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TV series where humans face mortal danger from a pandemic

Drew Roy, Maxim Knight and Noah Wyle in Falling Skies. Photo: Frank Ockenfels/TNT

Drew Roy, Maxim Knight and Noah Wyle in Falling Skies. Photo: Frank Ockenfels/TNT - Credit: Archant

1) Survivors: The man who conjured up the Daleks also devised an equally chilling prospect with the BBC's 1975 Survivors. Doctor Who writer, Terry Nation's series saw a band of survivors trying to live in a post-apocalyptic world after the population has been decimated by a mysterious pandemic accidentally unleashed by a Chinese scientist. If nothing else, that puts spilling the milk or accidentally texting the wrong person in perspective, hey? It ran until 1977, until making a return in 2008. This iteration was based on a 1976 novel written by Nation, rather than the original BBC series. In this case, a group of ordinary people are forced to band together after surviving a viral pandemic known as 'European Flu'. With much of humanity annihilated, the titular survivors battle to survive in a lawless society.

2) Jericho: Our next stop takes us from a viral pandemic to nuclear devastation. Following a limited nuclear attack (are any nuclear attacks really limited?) on 23 major cities in the United States, those in the small fictional town of Jericho are left in the dark, left without answers and struggling to survive. Ironically for a show focussed on survival, Jericho didn't survive all that long – with it canned after just a first series. A fan campaign to spark a revival brought a brief reprieve before it was cancelled again.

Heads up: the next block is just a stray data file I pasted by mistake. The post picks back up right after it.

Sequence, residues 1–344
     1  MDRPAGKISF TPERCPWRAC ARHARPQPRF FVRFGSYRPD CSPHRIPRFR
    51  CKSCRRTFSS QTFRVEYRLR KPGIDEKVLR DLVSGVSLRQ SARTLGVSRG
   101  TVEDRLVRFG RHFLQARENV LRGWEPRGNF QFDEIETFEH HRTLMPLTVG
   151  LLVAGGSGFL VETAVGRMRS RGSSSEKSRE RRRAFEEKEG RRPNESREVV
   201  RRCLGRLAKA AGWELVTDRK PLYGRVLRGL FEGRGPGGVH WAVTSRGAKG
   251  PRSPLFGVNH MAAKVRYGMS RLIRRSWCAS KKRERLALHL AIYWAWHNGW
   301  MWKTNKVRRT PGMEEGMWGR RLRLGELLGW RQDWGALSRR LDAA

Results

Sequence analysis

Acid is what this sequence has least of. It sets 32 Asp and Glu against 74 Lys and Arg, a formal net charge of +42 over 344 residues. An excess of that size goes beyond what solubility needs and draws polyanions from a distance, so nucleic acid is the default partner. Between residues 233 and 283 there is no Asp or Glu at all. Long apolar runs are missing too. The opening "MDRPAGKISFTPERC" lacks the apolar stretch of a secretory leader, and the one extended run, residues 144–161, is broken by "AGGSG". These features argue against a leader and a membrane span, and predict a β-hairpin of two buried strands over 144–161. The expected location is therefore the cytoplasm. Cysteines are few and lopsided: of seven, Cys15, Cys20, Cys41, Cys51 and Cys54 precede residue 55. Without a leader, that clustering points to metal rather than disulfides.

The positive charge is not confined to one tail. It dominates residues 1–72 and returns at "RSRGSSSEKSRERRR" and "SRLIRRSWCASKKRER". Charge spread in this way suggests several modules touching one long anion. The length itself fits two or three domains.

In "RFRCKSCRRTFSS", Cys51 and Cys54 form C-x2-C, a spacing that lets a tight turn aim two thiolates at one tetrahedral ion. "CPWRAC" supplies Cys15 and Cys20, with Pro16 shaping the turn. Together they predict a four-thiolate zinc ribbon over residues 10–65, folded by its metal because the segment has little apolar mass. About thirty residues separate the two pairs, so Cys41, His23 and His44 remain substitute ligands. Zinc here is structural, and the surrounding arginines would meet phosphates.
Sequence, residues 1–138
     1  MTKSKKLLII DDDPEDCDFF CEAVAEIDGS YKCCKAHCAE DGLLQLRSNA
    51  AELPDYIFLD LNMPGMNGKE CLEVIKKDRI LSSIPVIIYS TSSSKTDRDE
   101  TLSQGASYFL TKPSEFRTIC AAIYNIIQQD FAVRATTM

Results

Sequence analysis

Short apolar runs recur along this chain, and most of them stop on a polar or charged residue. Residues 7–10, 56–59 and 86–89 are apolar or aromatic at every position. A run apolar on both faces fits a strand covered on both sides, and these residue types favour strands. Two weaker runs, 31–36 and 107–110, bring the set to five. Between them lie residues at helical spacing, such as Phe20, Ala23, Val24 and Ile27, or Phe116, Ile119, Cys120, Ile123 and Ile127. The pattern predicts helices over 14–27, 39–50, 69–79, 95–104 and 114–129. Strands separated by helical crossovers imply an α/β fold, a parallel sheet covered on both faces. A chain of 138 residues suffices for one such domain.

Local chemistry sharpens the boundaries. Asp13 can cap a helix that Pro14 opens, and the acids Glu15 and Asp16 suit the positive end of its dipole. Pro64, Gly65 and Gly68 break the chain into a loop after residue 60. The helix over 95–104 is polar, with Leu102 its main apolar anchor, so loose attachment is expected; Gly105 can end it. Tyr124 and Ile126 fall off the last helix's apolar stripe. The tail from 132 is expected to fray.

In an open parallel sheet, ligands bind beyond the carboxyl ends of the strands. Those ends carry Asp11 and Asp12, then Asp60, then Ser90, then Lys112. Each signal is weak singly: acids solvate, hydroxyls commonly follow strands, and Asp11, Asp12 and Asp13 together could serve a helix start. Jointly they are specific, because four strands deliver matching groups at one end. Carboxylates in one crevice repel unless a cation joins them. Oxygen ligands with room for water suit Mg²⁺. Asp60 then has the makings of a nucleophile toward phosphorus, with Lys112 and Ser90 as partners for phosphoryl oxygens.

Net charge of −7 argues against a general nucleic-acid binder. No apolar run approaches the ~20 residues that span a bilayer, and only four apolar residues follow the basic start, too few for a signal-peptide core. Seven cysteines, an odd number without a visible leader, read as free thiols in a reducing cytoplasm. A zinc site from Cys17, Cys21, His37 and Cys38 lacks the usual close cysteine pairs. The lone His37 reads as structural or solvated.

3) Between: Nobody likes getting old but in the world of Between, a co-production between Netflix and Canada's City, you'd be left fearing your 23rd birthday, let alone your 50th. In the small town of Pretty Lake, things aren't so pretty if you're 22 and over. A mysterious disease has wiped out anyone aged 22 and above while the government quarantines those remaining, meaning the survivors are left to fend for themselves.